The closing remarks at a recent Erasmus conference held for Middlesex International Week (10 February) by the Vice Chancellor praised our diversity and reflected on the issue of how we make ‘difference’ integral to learning. He proposed that ‘we need students who are both prepared and diverse if we are to be an exciting, vibrant university where everyone learns to work with one another across differences; to share knowledge, understandings and perspectives; to criticise one another’s models freely and find optimal solutions together’ (Professor Tim Blackman, 2016). This is not (I suspect) an approach to homogenisation but celebrating diversity and starts with the ability to recognise and build upon it. This is also a core tenet in European education approaches and is advocated with policy and the updated meeting by European Education ministers (Paris Declaration: http://ec.europa.eu/education/news/2015/documents/citizenship-education-declaration_en.pdf) not to mention the plethora of equality and disability legislation and associated responsibilities for reasonable adjustments.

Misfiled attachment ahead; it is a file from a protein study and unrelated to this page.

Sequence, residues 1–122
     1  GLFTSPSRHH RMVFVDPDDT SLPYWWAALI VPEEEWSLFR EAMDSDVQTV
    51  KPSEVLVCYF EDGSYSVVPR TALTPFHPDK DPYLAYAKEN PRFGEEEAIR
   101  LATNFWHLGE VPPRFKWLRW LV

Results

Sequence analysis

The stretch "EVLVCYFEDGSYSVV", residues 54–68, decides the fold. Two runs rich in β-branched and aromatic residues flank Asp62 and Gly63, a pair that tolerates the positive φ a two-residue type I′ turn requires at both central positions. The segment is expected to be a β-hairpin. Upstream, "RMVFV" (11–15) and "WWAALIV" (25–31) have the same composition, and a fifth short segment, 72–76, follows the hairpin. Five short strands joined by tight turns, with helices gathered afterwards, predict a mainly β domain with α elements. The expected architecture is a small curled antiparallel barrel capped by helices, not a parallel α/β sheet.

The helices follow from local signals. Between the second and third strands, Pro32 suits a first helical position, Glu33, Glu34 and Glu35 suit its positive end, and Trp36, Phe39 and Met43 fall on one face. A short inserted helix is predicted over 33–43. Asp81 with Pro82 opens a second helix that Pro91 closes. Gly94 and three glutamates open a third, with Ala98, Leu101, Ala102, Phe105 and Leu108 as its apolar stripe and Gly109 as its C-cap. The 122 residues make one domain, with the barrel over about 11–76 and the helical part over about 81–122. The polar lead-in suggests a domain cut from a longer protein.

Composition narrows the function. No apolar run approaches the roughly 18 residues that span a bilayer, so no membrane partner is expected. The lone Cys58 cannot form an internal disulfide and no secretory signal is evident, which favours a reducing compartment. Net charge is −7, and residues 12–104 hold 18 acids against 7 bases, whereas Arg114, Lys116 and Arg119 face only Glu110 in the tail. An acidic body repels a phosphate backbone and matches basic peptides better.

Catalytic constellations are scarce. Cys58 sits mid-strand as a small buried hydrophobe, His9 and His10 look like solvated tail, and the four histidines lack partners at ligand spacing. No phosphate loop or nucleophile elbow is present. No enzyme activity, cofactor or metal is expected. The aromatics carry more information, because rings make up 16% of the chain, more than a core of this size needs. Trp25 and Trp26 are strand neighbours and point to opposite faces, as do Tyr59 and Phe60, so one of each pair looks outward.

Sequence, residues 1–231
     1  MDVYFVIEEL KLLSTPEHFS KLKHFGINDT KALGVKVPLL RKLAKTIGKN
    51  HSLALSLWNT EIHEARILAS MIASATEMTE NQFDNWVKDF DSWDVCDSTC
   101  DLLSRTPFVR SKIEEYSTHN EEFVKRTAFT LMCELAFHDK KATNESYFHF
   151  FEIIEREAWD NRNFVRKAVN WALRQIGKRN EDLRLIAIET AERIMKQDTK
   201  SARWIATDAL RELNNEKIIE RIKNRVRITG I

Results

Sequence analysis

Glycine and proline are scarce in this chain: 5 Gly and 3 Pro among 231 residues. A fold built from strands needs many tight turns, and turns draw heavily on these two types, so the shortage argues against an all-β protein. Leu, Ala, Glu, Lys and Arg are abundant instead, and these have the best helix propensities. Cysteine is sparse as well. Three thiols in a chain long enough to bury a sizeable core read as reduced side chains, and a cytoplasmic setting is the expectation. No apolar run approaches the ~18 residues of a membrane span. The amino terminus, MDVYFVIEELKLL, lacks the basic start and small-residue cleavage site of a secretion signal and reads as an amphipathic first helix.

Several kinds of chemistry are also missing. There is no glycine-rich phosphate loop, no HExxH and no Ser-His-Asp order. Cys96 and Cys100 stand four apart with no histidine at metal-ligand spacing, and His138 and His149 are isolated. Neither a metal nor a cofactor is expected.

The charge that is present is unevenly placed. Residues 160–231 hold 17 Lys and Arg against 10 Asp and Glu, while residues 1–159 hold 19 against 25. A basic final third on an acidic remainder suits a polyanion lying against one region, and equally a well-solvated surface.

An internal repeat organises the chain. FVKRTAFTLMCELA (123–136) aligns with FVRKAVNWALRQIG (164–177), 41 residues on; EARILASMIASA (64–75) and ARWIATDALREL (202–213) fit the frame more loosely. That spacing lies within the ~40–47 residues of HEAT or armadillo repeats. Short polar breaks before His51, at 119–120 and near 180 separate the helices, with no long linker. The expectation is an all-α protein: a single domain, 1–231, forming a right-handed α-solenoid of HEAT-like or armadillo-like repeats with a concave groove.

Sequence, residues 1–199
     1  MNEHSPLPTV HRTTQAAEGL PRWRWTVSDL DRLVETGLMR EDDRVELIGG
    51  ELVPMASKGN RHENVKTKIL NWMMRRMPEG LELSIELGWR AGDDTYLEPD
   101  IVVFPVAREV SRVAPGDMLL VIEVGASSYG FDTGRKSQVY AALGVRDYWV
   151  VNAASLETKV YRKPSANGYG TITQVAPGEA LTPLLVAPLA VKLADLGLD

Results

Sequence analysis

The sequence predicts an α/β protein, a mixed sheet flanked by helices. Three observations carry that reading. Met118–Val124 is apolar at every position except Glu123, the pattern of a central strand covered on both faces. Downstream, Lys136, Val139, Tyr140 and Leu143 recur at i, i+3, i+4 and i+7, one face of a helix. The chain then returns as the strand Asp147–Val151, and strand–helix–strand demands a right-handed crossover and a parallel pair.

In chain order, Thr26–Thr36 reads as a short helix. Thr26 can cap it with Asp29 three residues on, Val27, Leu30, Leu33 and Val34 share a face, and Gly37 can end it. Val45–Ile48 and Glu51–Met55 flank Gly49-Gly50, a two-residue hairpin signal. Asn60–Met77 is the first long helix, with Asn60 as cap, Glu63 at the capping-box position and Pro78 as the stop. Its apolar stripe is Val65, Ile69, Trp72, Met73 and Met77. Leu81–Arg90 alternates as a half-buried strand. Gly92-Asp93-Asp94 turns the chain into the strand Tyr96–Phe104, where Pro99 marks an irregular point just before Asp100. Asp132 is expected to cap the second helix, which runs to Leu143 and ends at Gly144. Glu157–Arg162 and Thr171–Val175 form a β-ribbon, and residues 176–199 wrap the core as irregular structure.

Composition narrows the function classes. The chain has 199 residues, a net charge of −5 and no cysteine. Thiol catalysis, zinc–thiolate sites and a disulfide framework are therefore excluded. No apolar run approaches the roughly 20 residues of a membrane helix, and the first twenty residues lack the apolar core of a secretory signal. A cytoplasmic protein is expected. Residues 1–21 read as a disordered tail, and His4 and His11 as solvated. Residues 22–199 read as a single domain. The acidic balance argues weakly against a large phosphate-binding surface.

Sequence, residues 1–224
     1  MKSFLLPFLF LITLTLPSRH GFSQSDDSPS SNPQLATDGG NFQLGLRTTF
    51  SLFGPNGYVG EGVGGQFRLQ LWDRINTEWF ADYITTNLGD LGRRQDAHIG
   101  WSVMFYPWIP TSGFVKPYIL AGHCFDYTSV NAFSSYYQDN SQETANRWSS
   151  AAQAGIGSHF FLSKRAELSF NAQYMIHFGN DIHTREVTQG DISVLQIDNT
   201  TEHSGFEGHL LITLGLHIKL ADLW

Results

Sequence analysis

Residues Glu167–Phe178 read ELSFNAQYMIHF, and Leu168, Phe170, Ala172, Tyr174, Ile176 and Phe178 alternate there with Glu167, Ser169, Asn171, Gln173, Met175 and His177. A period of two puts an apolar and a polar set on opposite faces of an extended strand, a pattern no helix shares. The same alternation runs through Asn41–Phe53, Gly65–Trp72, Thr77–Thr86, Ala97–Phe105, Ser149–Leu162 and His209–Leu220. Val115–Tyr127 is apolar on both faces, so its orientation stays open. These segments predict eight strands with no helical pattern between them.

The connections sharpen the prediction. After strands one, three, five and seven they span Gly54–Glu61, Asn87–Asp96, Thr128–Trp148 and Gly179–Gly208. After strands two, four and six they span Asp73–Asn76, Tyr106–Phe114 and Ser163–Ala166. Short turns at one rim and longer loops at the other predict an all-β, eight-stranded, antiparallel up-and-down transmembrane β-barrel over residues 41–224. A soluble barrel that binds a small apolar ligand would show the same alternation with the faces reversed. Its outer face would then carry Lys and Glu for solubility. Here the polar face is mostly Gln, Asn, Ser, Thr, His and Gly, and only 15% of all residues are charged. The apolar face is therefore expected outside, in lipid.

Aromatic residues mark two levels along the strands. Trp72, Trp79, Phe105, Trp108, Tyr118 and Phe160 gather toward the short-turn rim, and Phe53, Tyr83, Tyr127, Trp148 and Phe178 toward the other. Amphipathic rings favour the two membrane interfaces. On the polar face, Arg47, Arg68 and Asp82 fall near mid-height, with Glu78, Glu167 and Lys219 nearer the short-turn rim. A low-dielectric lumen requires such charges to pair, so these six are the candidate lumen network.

However this is an apparent reductionist approach and what is currently espoused academically is a more holistic approach. The Higher Education Academy advises us to revisit our teaching and engage with the learning needs of ALL students by adopting inclusive pedagogies to benefit all further asserting that inclusive learning and teaching benefits more groups by drawing on the strengths of students from varied and different backgrounds. It is not however about providing ‘remedial’ or ‘special’ measures for certain groups of students rather maximising potential for all. This is a serious issue and appears to affect many if not all areas of student engagement at higher education evident recently in exploration of academic literacy. The question remains: what does this looks like within curriculum design and day to day teaching. Inclusive pedagogies are topical but how this translates into practice is also diverse and emergent (still) in literature. Day to day practice for example has usefully been espoused in a series of support materials and advice for example Universal Design for Learning (UDL) or Monash University’s resources for Inclusive Teaching. This is a critical issue. Undergraduate retention and attainment across the disciplines, published by the HEA, 2014 ‘Recent research indicates that students from diverse backgrounds participate, persist and attain in HE at different rates.’ The area of diversity is replete with approaches to types of students strategies to engage, widen access, support, transition and progression plus final achievements including employability. The key questions are what works best and what strategies need to be disseminated widely. The HEA devised a framework to engage and support a key areas of focus for fulfilling the aspiration for student success including access, retention, attainment and progression. The remains a key responsibility of all staff. Instead of providing something different or additional for those who experience difficulties in their learning, inclusive pedagogy seeks to extend what is ordinarily available to everybody (Florian and Black-Hawkins, 2011). The challenge is how you approach it for your area. Any advice and ideas or reflections are most welcome.